Endocrine Abstracts (2002) 3 OC9

Breast cancer cells express the vitamin D activating enzyme 1alpha-hydroxylase

K Townsend1, KN Evans1, SV Hughes1, C Mørk Hansen2, KW Colston2, MJ Campbell1 & M Hewison1


1Division of Medical Sciences, The University of Birmingham, Queen Elizabeth Hospital, Birmingham, UK; 2Department of Oncology, Gastroenterology, Endocrinology and Metabolism, St George's Hospital Medical School, London, UK.


Studies in vitro have highlighted the potent anti-cancer effects of the active form of vitamin D, 1,25-dihydroxyvitamin D3 (1,25D3). However, the in vivo application of 1,25D3 and its synthetic analogs remains problematical due to persistent hypercalcaemic side-effects. Recent studies have shown that it may be possible to overcome this in an autocrine fashion via extra-renal synthesis of 1,25D3. In particular, analysis of prostate and colon cancer has highlighted the capacity of these tissues to generate their own 1,25D3 via expression of the enzyme 1alpha-hydroxylase. To assess the possible impact of this on breast cancer, we have characterized expression and activity of 1alpha-hydroxylase in three different breast cancer cell lines: MCF-7 (ER+ve), MCF-7/VDR (ER+ve) (Leo Pharmaceuticals) and MDA-MB-231 (MDA) (ER-ve). RT-PCR and Western blot analyses demonstrated the presence of mRNA and protein for 1alpha-hydroxylase in all three cell lines. Enzyme activity assays using 3H-25-hydroxyvitamin D3 as substrate showed similar levels of 1,25D3 synthesis in each cell line (50 fmoles/hr/mg protein). Parallel analysis of the companion enzyme 24-hydroxylase indicated that this was also expressed (approximately 100 fmoles/hr/mg protein for each line). Proliferation studies using 3H-thymidine incorporation and colony formation assays showed sensitive inhibition of cell proliferation in MCF-7 cells by 1,25D3 (70% inhibition at 10 nM for 72 hrs). In contrast both MCF-7/VDR and MDA were both completely resistant to the hormone despite showing 1,25D3-induced 24-hydroxylase assays. Data presented here highlight the capacity for local generation of active 1,25D3 within breast tumours. We postulate that this may provide a novel, 'calcium friendly' approach to the use of vitamin D in the prevention and treatment of breast cancer. However, the success of this approach will also depend on overcoming apparent vitamin D resistance in many breast cancer cell lines.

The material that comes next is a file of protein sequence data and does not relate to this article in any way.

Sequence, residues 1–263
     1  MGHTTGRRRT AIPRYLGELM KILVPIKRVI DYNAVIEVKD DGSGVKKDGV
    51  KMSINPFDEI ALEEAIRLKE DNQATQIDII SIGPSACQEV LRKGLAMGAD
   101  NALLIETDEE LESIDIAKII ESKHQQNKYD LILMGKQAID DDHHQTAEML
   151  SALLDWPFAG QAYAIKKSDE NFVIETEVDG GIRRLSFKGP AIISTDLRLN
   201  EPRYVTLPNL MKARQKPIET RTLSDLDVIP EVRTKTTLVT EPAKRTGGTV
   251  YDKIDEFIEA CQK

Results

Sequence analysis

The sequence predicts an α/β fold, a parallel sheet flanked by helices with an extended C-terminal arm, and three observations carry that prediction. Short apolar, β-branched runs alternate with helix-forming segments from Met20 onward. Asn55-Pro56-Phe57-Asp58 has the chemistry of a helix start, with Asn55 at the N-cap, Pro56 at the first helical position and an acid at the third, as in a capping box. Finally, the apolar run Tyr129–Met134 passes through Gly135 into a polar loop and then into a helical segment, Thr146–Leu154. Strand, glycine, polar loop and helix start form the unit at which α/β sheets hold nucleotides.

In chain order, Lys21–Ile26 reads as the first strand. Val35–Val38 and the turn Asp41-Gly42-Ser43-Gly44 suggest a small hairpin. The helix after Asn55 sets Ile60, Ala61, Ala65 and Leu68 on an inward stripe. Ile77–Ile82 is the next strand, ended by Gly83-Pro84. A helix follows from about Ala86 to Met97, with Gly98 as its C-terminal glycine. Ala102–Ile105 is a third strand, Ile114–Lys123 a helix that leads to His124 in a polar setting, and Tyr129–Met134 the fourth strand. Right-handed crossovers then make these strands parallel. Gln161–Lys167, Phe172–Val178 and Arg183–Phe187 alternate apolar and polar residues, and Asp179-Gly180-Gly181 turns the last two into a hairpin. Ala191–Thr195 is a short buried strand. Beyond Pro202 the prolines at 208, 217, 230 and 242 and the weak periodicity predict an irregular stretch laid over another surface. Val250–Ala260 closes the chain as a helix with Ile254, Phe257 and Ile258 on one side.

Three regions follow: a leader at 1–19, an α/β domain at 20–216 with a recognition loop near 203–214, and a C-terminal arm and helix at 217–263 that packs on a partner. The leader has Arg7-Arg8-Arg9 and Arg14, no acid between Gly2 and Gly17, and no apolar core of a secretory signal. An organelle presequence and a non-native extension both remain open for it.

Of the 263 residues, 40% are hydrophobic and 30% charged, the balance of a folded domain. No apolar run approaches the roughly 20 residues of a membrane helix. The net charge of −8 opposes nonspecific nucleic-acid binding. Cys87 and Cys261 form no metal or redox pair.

This abstract was awarded the Michael White prize

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